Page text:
The blockchain infrastructure platform announces that their Paxos stablecoin will rebrand from PAX to USDP at the end of August 2021. The announcement of the change of name for the Paxos stablecoin builds on the protocol’s desire to create a distinct brand identity from other stablecoin operators, including Tether, Circle and USDC.
In July, Paxos released a blog post which called out the “unregulated” USDT and USDC stablecoins, and took a dig at the reserve breakdowns of both of the companies, with General Counsel and Chief Compliance Officer Dan Burnstein swiping at both digital assets, saying they were “backed by illiquid and risky debt obligations – a critical weakness that no prudential regulator would allow to exist as this creates undue risk for their customers.”
“The USDP ticker more easily identifies Pax Dollar as a US dollar-backed token…this change makes it easier for both newcomers and the crypto literate to grasp our dollar backing. The updated USDP smart contract will go live on August 31, 2021.”Walter Hessert, Head of Strategy at Paxos
Paxos Stablecoin’s rebrand to highlight 100% reserves
Paxos previously noted that there were only three regulated, Dollar backed stablecoins in the world, being Gemini, Binance and of course the Paxos stablecoin.
According to Walter Hessert, the head of Strategy, the Paxos stablecoin has maintained 100% cash or cash equivalent reserves, and goes on to explain that this relates to short-term treasury bills. Whilst acknowledging that competitor Gemini operates the GUSD under an almost identical regulatory system, it goes on to note that Gemini does not publish data relating to its’ liquidity reserves.
“As the market shifts from crypto and DeFi use cases into more global use cases for payments for goods and services types of use cases stablecoins have a really important role to play there and frankly, there’s just a lot of demand for a regulated, trustworthy, transparent, stablecoin despite there being other options in the market. It became the right time for us to make the shift.”Walter Hessert
Earlier this week, Centre announced that USDC was returning to cash and cash-equivalent backing after the company integrated much riskier debt instruments for much of the last 18 months. With transparency and reserve liquidity being some of the major issues which often forms the basis of criticism of stablecoin operators, the competition is hotting up, and Paxos stablecoin rebrand is part of the firms vision to become the number one stablecoin in the world.
And the Stablecoin war shows no sign of abating, with major global leaders such as Mastercard actively investigating the role of stablecoin integration, as well as a number of national government’s suggesting that they are interested in investigating the use of the digital assets much more than other crypto’s such as Bitcoin, potentially alongside CBDC’s (central bank digital currencies).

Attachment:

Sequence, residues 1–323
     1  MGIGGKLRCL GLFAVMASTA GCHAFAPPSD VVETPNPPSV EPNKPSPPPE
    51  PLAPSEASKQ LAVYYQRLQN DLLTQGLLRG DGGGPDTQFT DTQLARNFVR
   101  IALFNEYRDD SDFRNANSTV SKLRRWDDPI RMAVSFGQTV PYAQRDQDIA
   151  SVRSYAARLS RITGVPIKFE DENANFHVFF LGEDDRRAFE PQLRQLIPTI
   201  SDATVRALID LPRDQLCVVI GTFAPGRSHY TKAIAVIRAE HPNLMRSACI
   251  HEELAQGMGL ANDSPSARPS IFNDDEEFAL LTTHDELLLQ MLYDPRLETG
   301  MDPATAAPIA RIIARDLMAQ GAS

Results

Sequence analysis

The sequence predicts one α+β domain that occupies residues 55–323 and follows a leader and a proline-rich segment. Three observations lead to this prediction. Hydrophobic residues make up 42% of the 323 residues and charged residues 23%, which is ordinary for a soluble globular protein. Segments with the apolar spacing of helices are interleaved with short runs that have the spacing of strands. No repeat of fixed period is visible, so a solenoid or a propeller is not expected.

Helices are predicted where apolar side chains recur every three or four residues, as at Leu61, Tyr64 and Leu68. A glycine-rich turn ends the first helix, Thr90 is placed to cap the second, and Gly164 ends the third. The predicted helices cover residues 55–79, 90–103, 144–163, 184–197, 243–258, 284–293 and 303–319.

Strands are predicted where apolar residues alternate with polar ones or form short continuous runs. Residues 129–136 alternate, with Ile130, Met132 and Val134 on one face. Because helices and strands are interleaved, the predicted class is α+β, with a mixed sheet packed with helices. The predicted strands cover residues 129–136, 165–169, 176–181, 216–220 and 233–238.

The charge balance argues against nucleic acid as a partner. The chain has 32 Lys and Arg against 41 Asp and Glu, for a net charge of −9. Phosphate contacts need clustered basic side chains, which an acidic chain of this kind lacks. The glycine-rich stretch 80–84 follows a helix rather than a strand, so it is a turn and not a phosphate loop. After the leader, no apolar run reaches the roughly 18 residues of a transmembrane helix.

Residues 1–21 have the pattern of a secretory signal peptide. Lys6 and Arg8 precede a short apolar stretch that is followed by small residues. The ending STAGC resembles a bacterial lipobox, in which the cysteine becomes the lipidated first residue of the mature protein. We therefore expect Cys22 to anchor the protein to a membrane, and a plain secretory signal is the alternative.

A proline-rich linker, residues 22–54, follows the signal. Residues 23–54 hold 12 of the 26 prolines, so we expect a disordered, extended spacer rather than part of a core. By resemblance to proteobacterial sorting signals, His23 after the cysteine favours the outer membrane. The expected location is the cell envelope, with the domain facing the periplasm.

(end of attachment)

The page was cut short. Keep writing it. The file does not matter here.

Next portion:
Referencing the fact that Gemini and Paxos were both trust companies, regulated by the New York State Department of Financial Services (“NYDFS”), which require operators to be approved and supervised by the regulator on an ongoing basis, meaning:
- The value of each stablecoin token is tied directly to the value of the US dollar, and the amount of “reserve” dollars equal or exceed the number of stablecoins outstanding.
- Regulators are overseeing the establishment and maintenance of reserves backing the stablecoins.
- Reserves may only be held in the safest forms, such as FDIC-insured bank accounts and in short-term maturity US Treasury instruments.
- Reserves are fully segregated from corporate assets, specifically for the benefit of token holders, and are held bankruptcy remote pursuant to the New York Banking Law.
Releasing a side-by-side breakdown of the reserves of both USDC, Tether against their product, the company goes on to show that the risk between each of the competitors was very one-sided in favour of the Paxos stablecoin
In the USA, stablecoin operators are not currently subject to a standard framework for regulation, instead being regulated within a loose patchwork of state actors, of which the NYDFS is probably the most significant. It’s also worth noting that the New York Attorney General has banned Tether from operating in the State, whilst Circle operates under a Bitlicense granted by the NYDFS.
Federal regulators are said to be “closely monitoring” each firms transparency efforts whilst they work to create a multi-agency strategy for regulation.